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Southwest Airlines plans to hire 8,000 more workers in 2023

The Dallas-based carrier wants to have as many as 100,000 employees in five years, says CEO Bob Jordan.

Dallas-based Southwest Airlines is planning to hire 8,000 more employees in 2023 after hitting record staffing levels this year.

Southwest Airlines hit 65,000 employees in September — 2,500 more workers than it had in February 2020 before the COVID-19 pandemic hit and forced massive cutbacks across the travel industry.

Now the carrier is looking to continue that hiring into next year, including hopes of adding as many as 2,250 pilots, CEO Bob Jordan said Wednesday.

And that hiring rate could continue, even though firms are announcing layoffs amid recession concerns.

“If you look at our growth plans, we’re going to look up in five years, and not only will we continue to be the largest domestic carrier, we will have roughly 6,000 flights a day, we’ll have 1,000 aircraft and we’ll be just shy of 100,000 employees,” Jordan said.

Jordan said he has seen no indication of a recession from airline customers.

Southwest has hired 15,700 employees so far in 2022 as the demand for travel has increased and the company has seen two straight quarters of profitability. Accounting for attrition, the company has added about 10,000 workers this year and plans to get up to 11,000 by the end of 2022.

Southwest reduced its headcount by about 7,800 workers between March 2020 and July 2021 through a series of voluntary retirement and leave-of-absence programs as passenger traffic dropped during the worst of the pandemic for the travel industry.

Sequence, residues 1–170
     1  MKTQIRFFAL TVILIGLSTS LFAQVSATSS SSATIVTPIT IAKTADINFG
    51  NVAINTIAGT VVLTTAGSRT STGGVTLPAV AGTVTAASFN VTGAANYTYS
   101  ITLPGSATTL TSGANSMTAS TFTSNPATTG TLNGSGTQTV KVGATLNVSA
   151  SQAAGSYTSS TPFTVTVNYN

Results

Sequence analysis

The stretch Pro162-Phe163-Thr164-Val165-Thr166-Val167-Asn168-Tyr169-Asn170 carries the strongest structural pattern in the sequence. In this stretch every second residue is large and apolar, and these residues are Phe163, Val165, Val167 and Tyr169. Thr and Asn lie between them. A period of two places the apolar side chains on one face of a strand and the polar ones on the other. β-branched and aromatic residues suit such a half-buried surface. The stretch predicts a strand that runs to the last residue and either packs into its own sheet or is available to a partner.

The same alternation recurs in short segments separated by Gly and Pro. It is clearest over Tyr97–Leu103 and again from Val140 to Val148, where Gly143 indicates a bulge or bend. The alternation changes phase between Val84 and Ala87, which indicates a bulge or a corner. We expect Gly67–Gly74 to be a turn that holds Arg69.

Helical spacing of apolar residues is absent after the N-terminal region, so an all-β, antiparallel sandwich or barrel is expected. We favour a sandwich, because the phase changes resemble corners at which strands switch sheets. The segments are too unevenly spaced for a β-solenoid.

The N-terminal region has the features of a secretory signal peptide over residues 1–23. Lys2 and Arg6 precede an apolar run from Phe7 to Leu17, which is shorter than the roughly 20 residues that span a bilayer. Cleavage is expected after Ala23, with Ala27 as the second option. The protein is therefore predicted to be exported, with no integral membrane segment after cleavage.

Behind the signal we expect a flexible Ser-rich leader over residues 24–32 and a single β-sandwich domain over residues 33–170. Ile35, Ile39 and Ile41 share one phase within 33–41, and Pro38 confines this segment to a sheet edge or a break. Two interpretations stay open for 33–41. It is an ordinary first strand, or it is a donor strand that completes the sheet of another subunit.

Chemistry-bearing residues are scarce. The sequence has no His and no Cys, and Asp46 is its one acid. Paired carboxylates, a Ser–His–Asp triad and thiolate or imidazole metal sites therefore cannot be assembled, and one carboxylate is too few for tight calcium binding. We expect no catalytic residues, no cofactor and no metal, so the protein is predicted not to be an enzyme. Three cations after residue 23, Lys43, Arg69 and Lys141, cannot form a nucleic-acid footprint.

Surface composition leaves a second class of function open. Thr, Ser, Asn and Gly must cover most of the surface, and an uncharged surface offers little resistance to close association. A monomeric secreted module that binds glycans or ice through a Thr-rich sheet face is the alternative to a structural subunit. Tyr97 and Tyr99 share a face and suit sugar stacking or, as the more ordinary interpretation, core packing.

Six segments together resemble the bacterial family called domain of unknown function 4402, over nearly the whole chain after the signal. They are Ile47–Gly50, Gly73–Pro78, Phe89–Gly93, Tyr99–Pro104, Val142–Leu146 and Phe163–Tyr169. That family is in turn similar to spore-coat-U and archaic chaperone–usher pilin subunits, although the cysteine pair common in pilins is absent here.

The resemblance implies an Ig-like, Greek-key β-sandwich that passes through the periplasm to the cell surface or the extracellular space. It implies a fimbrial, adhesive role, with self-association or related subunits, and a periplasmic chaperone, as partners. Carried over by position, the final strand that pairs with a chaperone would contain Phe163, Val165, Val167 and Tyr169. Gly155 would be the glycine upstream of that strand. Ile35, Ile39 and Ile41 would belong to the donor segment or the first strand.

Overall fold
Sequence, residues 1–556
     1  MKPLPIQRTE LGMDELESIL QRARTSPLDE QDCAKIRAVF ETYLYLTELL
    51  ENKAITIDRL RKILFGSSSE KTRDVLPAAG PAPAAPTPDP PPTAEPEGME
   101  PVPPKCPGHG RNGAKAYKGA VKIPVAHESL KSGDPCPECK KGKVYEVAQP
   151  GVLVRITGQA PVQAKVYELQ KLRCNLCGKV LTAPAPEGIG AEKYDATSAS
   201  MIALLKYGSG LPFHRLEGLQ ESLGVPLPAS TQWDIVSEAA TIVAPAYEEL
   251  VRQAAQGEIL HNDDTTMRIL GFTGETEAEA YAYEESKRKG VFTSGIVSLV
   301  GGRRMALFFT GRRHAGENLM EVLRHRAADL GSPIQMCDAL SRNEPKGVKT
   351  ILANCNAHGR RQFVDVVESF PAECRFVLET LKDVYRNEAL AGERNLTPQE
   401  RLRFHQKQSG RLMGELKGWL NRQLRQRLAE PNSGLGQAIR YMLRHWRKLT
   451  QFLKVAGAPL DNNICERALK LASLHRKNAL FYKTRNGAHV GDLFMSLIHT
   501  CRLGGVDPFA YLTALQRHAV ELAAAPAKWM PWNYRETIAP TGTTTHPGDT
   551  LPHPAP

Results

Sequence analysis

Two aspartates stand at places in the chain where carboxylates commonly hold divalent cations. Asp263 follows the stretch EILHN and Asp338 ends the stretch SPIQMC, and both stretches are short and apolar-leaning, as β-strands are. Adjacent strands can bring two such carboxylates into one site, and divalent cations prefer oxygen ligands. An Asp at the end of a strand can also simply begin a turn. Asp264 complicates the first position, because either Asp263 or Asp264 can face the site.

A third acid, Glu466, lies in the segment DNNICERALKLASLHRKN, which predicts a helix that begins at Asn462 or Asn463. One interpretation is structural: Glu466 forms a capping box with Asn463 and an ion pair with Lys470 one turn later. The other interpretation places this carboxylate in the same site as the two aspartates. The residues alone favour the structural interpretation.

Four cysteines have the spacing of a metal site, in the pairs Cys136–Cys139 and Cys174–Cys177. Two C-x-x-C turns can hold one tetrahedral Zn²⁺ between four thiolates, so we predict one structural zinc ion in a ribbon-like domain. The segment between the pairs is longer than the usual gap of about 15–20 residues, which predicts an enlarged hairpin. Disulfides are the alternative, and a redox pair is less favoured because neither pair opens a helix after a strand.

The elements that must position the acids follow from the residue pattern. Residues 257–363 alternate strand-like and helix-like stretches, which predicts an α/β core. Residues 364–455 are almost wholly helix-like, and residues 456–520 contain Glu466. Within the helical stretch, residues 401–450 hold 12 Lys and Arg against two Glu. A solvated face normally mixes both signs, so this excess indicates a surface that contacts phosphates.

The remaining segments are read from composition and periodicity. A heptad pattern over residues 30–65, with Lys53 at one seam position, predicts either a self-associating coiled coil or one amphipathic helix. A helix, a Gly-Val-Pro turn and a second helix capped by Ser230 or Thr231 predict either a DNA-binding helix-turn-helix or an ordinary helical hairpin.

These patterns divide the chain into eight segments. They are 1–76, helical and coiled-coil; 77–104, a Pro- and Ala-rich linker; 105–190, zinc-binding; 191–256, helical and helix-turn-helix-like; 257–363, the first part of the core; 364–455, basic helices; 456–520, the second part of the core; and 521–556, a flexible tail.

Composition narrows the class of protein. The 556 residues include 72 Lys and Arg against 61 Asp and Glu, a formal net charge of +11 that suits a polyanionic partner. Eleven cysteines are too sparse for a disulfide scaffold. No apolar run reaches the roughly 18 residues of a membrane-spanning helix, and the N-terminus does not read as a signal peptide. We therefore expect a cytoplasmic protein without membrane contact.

That 15,700 new hires this year is a record for Southwest, besting the 11,000 employees the company hired when it acquired AirTran.

Southwest has recovered to prepandemic employment levels faster than any other major network airline, according to the Bureau of Transportation Statistics. Fort Worth-based American Airlines still has 5,400 fewer employees than it did in March 2020, although executives have indicated that some positions may never return. Chicago-based United has 3,300 fewer employees than in early 2020, while Delta is up about 1,500 workers.

All this has happened while Southwest is flying about 2% fewer available seat miles during the fourth quarter of this year than it did in 2019.

The biggest chunk of 2023 hiring is planned for pilots, where the company hopes to add about 2,250 new aviators after hiring 1,200 this year.

“The airline is constrained by pilots,” Jordan said. “We’re getting plenty of pilots, we’re filling all of our classes. The constraint is we only have so much training capacity.”

In fact, Jordan said Southwest effectively has 40 or 45 fewer aircraft in its fleet because it doesn’t have enough pilots to keep all of its planes flying full time. With sufficient pilots, Jordan said the airline could probably do between 6% and 8% more flying.

Southwest is adding more flight simulators at its Dallas headquarters campus in an expansion to its LEAD building where pilot training takes place. By January, the company should be able to bring six new 737 Max simulators online for a total of 26.

Being short-staffed has been a drain on the company, Jordan said. Unions have rebelled against mandatory overtime policies and long shifts, making work conditions a major point in contract negotiations. Pilots and flight attendants have complained about flight delays and cancellations that have resulted in trips being changed and extended.

“You look them in the eyes, and you can see when somebody is tired,” Jordan said. “They’ve been rerouted, their shifts have been extended, they’ve lost multiple weekends in a row they had intended to be with their families. Short staffing wasn’t just hurting the operational performance for our customers. It was hurting our people.”

In addition to the 1,200 extra pilots brought on this year, Southwest has hired 3,500 flight attendants and 8,000 ground operations employees, including baggage handlers and ramp agents.

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